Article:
Latest Numbers from Germany Confirm Recession

By:  Bob Adelmann
01/09/2012
       
Latest Numbers from Germany Confirm Recession

The announcement from the German Economy Ministry over the weekend confirmed that the long-awaited European recession has officially begun: German factory orders dropped to the lowest level in three years, down nearly five percent in the past month. The ministry also revealed that orders from outside the EU dropped by 10.3 percent.

Said Jennifer McKeown, an economist at Capital Economics Ltd. in London, “It’s quite clear that we’re heading into a pretty sharp downturn in Germany, which has been one of the strongest of the euro zone’s economies. Orders are very clearly on a downward trend, as is industrial production itself.”

The German economy is the fourth largest in the world, generating nearly $3.5 trillion in goods and services annually. Most of its trade is inside the eurozone, resulting in its position as the second-largest exporter in the world. Despite its strong economy relative to its neighbors, its debt-to-GDP ratio is 142 percent, and it is running an annual deficit of almost nine percent of GDP. It nevertheless retains its AAA rating from the three major credit rating agencies, which is strong enough compared to its eurozone partners to have caused a strange anomaly in the markets: yields on its six-month bonds have gone negative.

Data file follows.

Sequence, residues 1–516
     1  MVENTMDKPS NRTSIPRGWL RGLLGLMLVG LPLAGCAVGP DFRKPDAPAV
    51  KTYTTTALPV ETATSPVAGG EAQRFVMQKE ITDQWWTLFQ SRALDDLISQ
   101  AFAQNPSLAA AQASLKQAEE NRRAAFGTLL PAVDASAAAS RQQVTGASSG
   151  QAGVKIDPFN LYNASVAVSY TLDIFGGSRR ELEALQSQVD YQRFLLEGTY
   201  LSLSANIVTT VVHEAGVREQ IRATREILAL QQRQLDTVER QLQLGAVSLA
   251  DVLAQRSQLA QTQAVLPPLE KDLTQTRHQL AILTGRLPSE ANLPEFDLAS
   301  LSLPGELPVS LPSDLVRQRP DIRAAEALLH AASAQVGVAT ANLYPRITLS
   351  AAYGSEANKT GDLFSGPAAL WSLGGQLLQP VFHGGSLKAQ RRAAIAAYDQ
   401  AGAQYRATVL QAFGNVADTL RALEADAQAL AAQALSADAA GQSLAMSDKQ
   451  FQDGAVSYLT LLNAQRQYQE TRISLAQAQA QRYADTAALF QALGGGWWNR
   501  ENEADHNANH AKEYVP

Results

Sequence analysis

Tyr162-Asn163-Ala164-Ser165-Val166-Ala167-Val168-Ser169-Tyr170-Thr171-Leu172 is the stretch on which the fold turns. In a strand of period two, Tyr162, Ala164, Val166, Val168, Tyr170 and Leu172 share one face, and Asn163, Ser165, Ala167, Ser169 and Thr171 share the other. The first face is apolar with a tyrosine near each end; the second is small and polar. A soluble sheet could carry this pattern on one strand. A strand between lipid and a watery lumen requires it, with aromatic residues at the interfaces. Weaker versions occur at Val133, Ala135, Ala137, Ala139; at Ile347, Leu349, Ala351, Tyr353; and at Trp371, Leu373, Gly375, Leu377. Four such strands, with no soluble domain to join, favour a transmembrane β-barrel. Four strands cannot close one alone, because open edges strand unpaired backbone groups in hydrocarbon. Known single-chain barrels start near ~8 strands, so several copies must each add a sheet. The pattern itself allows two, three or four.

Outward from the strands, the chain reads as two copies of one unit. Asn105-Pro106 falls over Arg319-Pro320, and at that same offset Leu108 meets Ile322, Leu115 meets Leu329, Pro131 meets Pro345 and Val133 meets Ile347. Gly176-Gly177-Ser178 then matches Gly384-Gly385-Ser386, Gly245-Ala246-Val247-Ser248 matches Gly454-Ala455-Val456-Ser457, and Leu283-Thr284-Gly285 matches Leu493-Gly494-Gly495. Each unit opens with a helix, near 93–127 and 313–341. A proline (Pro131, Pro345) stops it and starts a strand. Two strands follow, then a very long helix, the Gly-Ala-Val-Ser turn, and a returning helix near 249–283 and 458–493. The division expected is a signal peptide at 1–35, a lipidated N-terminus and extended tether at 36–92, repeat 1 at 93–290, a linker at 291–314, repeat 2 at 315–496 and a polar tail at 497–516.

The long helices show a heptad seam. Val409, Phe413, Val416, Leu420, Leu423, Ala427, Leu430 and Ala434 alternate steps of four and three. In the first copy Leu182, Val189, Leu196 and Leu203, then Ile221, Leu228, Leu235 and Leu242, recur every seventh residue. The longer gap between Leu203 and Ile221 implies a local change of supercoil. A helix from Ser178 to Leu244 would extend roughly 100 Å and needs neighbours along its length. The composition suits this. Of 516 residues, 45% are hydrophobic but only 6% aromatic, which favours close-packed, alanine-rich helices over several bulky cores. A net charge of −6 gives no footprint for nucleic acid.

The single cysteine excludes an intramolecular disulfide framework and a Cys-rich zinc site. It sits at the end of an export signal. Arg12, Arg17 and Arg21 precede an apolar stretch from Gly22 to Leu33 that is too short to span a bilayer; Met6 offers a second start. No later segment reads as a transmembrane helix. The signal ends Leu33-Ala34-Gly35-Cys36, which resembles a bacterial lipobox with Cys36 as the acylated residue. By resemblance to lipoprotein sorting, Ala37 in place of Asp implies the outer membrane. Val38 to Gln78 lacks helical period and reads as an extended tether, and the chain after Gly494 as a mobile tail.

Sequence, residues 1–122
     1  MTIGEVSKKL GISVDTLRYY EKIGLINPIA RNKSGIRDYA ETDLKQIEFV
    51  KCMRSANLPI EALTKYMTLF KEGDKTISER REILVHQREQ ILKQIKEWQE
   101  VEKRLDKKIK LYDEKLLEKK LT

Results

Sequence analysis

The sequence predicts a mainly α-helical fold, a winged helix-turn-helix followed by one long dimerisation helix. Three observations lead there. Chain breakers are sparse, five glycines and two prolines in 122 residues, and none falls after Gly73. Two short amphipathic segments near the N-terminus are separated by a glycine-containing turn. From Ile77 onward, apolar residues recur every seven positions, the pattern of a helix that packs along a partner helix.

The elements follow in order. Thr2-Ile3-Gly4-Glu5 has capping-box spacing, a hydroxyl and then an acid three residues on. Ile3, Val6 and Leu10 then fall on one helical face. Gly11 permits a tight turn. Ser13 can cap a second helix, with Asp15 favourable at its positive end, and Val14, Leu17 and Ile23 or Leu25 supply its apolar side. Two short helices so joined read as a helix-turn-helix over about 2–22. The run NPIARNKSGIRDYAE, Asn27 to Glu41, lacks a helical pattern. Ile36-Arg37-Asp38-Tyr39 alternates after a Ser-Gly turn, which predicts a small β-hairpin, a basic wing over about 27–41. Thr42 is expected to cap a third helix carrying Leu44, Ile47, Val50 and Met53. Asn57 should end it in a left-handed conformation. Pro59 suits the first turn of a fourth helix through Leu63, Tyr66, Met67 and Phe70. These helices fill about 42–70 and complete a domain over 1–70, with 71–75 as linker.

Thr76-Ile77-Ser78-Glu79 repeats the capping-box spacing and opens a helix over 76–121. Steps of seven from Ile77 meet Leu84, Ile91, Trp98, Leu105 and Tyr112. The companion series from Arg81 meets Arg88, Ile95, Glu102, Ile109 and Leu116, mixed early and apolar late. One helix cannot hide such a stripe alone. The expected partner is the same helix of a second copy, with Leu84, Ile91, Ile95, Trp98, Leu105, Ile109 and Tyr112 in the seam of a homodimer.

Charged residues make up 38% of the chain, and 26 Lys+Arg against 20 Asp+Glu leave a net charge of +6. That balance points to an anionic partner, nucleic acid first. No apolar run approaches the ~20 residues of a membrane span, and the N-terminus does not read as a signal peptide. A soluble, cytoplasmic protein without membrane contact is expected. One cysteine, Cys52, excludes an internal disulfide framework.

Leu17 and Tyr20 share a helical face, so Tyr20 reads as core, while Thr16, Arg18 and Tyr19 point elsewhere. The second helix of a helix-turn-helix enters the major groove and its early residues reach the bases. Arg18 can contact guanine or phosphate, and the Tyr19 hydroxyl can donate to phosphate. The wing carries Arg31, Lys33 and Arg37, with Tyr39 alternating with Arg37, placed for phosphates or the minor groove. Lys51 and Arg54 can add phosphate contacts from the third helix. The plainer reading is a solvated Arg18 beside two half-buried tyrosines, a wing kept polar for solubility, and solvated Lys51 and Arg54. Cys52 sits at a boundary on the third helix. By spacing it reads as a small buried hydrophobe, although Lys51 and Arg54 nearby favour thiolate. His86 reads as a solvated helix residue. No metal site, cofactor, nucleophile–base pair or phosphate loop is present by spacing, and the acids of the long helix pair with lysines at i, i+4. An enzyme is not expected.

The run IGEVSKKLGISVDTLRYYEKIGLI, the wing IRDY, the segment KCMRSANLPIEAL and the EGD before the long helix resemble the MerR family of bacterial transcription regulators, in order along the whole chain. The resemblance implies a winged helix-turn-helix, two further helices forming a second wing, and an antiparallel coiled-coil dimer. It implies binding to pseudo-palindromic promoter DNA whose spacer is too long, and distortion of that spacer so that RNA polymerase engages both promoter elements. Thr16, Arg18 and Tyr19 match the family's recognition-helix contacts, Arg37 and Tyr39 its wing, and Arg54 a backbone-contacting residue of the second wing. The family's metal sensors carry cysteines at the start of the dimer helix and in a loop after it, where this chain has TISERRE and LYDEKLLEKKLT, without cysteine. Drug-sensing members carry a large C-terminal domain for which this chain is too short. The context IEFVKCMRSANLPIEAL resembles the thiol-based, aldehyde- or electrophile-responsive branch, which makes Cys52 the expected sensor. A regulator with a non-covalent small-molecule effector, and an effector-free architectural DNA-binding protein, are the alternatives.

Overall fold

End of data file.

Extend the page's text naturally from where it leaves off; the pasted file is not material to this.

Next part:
The announcement from the German Economy Ministry over the weekend confirmed that the long-awaited European recession has officially begun: German factory orders dropped to the lowest level in three years, down nearly five percent in the past month. The ministry also revealed that orders from outside the EU dropped by 10.3 percent.

Said Jennifer McKeown, an economist at Capital Economics Ltd. in London, “It’s quite clear that we’re heading into a pretty sharp downturn in Germany, which has been one of the strongest of the euro zone’s economies. Orders are very clearly on a downward trend, as is industrial production itself.”

The German economy is the fourth largest in the world, generating nearly $3.5 trillion in goods and services annually. Most of its trade is inside the eurozone, resulting in its position as the second-largest exporter in the world. Despite its strong economy relative to its neighbors, its debt-to-GDP ratio is 142 percent, and it is running an annual deficit of almost nine percent of GDP. It nevertheless retains its AAA rating from the three major credit rating agencies, which is strong enough compared to its eurozone partners to have caused a strange anomaly in the markets: yields on its six-month bonds have gone negative.

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Photo: Entrance to the Deutsche Bank trading floor in Frankfurt

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